Everett Golson

Pregame Six Pack: 85th annual Blue-Gold game

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Welcome back to football. And what easier way back into it than a guaranteed Irish victory. After a long offseason, Notre Dame fans near and far will get their annual spring checkup on their favorite football team. What they’ll see? Well, that might not be that simple.

Everett Golson is back, a long journey completed after last taking the field as the presumed starter in the 84th annual Blue-Gold game. He’s joined by Malik Zaire on the scholarship depth chart, with both signal callers expected to get an extended look on Saturday.

What will Brian Kelly choose to show? That’s not entirely clear, either. After talking up an up-tempo attack and the evolution of the offense to a full-scale spread attack, it’s hard to expect Kelly to show off too many of the cards up his sleeve, especially with a national broadcast and a hungry fanbase that’ll dissect every snap taken.

But why sweat the small stuff? After one of the worst winters in memory, there’s football in Notre Dame Stadium, with a live blog hosted here and the game available to view both on NBC Sports Network and on NBCSports.com starting at 12:30 p.m. EDT. (Here’s an early-bird link to the game.)

Here’s your pregame six pack. As usual, here are six tidbits, fun facts, leftovers and miscellaneous musings before the Irish do battle for Blue-Gold glory. 

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First off, let’s take a look at the rules.

You might need an accounting degree to understand this year’s scoring system. But let’s start with the easy stuff.

The first half will be close to real football. Each quarter will be two 12-minute periods, with normal clock rules. The second half will be running time, with the quarters set for 15 minutes each.

The offense’s scoring system is as follows:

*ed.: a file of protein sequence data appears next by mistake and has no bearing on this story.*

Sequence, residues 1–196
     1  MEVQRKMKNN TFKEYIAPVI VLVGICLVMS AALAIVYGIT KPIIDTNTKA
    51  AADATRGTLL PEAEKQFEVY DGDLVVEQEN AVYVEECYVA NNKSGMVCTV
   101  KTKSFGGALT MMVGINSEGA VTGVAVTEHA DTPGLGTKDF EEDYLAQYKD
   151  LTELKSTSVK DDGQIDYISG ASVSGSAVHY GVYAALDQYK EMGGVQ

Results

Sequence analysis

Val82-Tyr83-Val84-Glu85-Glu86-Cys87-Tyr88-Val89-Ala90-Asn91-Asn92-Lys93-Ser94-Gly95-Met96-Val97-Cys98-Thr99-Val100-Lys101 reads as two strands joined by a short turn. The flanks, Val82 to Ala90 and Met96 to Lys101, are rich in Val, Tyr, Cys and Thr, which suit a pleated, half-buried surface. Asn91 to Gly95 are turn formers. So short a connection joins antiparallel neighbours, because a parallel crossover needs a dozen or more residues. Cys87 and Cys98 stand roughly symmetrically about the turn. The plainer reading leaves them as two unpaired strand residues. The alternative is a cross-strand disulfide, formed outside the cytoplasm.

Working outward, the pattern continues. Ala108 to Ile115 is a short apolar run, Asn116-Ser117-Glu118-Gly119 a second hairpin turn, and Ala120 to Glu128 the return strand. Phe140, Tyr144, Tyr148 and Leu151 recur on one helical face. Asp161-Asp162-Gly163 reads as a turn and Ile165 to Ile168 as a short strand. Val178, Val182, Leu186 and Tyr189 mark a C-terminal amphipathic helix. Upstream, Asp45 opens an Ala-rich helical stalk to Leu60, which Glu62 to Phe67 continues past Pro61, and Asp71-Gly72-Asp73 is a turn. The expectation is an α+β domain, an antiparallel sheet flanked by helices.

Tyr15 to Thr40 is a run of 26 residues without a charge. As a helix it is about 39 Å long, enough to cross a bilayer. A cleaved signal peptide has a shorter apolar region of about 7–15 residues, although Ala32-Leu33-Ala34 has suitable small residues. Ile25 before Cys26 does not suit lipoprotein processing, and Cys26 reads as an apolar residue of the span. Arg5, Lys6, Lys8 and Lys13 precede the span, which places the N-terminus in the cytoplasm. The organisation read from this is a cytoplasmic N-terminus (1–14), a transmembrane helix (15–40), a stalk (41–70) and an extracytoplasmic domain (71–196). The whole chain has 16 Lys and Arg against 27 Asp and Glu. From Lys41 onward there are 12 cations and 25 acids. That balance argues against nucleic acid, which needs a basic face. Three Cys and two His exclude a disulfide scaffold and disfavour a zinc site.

Field goal: 3 points
Touchdown: 6 points
Extra Point: 1 point
2-point Conversion: 2 points
Big Chunk Pass (20+ yards): 2 points
Big Chunk Run (15+): 2 points
Two consecutive first downs: 2 points

This is how the defense scores points:

Defensive Stop Before 50-yard line: 4 points
Defensive Stop After the 50-yard line: 2 points
Turnover Forced Before 50-yard line: 7 points
Turnover Forced After 50-yard line: 3 points
Forces a Field Goal (Make or Miss): 1 point
Three-and-out: 2 points

Make sense? Good, you can explain it to me during the live blog.

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Irish fans excited to see Brian VanGorder’s defense? Don’t get your hopes up. 

Notre Dame’s new defensive coordinator will be on display this Saturday, Irish fan’s first opportunity to see the changes Brian VanGorder made to Bob Diaco’s system. Some will be obvious: Expect to see the Irish mostly in four-down sets. Some will be most subtle: Nickel and Dime sub-packages could be plentiful.

But for those expecting to see VanGorder throw the kitchen sink at the Irish offense, don’t hold your breath.

For the first time in five seasons, the Irish will head into the season with the advantage of having VanGorder’s system a mystery to opponents. What tape do you study? A season under Gene Chizik at Auburn? Rex Ryan’s defense will the Jets? Old film from the Atlanta Falcons? Even older tape from the beginning of the Mark Richt era at Georgia?

The first conversation I had with former Irish defensive coordinator Bob Diaco was a month after the new coaching staff’s first spring game in South Bend. When I asked him how his defense played, he carefully responded, “They did a nice job doing what we asked them to do.” I kindly asked him to explain. Diaco then confided that they played a scheme that they’d never play again, simply for the purpose of not giving anything away.